So you want to sell a gun on GunBroker. Are you sure? No, really, are you sure? Are you absolutely sure? Personally, I subscribe to the “no sell, only buy” philosophy of gun ownership. But if you want to sell your gun, and actually get it sold for a reasonable price, read on.
Step 1: Value your gun, reasonably
The first step in selling your gun is figuring out how much you can reasonably (please note the emphasis) expect to get for it in the current market. A good rule of thumb to follow, used guns that you bought new will depreciate by about 30-50% as soon as you bring them home. They’re like cars in that way. No, the Taurus 82 revolver you bought for $475 brand new is not worth $475 anymore. Obviously, there are exceptions to this rule, VEPRs, Saigas, milsurp and the like are not going to get cheaper. Generally, though, accept that your gun has depreciated in value.
Go to GunBroker, and at the top right click on “Advanced” next to the search bar.
Once there click on “Completed Items”.
Then search for the gun you are selling. Be as specific or as generic as you feel is warranted. For example, let’s say you want to sell a Mosin-Nagant M91/30. If it’s just a generic round-receiver wartime production Mosin, then you’ll be well served by searching “Mosin”. If however, your gun is an original PU Sniper, then searching “Mosin Sniper” or “Mosin PU Sniper” will get you better results. The same basic steps go for selling any gun.
If there is nothing special about it, then search for the generic model. If it is special in some way that means something to other people, not just to you, then put that in the search bar as well. On the other hand, if you’re selling a military surplus gun that has all matching serial numbers, you should add “all matching” to the search bar. Or, if you’re selling a pre-1994 Colt Sporter, then putting in “pre-ban” will get you better results.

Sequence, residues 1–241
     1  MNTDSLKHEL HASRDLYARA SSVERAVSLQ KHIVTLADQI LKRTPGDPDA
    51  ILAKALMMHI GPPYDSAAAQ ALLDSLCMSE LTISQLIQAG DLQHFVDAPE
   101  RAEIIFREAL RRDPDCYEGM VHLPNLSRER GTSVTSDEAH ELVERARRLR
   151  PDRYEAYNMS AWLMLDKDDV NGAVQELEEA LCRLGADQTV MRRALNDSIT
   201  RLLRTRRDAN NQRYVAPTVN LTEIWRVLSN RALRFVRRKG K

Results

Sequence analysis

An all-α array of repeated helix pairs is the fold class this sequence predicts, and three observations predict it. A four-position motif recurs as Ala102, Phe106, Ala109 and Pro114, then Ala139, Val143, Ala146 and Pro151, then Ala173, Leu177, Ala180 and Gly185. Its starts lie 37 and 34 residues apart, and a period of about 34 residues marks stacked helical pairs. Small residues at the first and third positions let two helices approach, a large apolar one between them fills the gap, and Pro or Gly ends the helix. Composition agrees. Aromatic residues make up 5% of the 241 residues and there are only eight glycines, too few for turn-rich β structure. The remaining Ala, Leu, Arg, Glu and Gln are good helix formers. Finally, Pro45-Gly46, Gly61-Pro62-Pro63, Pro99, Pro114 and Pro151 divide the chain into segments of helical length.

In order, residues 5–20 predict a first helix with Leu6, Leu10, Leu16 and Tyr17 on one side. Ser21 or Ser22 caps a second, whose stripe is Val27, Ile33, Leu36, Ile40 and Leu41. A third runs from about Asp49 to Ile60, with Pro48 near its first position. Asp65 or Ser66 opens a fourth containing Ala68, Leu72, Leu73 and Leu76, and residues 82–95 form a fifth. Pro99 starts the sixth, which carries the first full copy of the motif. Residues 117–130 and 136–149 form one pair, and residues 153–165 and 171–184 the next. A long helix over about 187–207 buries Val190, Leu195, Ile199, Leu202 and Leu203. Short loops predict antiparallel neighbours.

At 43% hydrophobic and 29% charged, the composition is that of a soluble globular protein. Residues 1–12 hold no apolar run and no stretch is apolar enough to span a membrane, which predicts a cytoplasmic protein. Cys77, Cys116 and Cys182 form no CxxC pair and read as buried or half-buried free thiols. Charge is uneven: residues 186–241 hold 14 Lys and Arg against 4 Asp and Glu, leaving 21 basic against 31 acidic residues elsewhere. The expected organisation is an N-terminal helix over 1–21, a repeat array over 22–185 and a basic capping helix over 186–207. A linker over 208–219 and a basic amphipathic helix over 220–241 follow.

Once you’re there, you’re going to want to switch the sorting to “Bid Count: High to Low”.
Start Reading the Results
Skip the first handful of results. Especially ones with more than a reasonable number of bids. People are not always logical when bidding on things, and will get sucked into bidding wars. They convince themselves that they have to have this one specific item, and will pay way more than they would have if they waited a bit and just got the practically identical lot that was ending a few hours later. Don’t count on a bidding war happening with your gun. It might happen, but it also might not, and assuming that you’re going to get above market value is a fast track to disappointment. Continuing the Mosin-Nagant example, the first lot in my search is a fairly nice 1938 round-receiver.
There is nothing special about this gun, it’s just kinda nice, and it went for an eye-popping $720 ($765 after shipping). It also has 68 bids, which to me indicates a bidding war that you shouldn’t bet on happening with your gun.
Next, mentally filter out guns with unique features your gun doesn’t have. The second lot is a PU Sniper, our pretend gun is a bog-standard wartime production 91/30, not a sniper. Skipped. The third lot is a bog-standard wartime production 91/30, just like ours. It went for $545. Okay, that’s one data point. Continuing on past another sniper model, a Finnish Mosin, a Remington Mosin, another two bidding wars, and we start arriving at lots that resemble ours. Relatively low bid count (in the 10s and 20s and low 30s), wartime production 91/30s.
As you go through the completed lots, you can start to get a sense of what your gun will probably go for. Try to be conservative in your estimates. Sure, you might get lucky and have a bidding war start on your gun, but you probably won’t. Having a realistic price estimate is important. For our imaginary M91/30, it seems like somewhere around $400 is a reasonable estimate.
Take some good pictures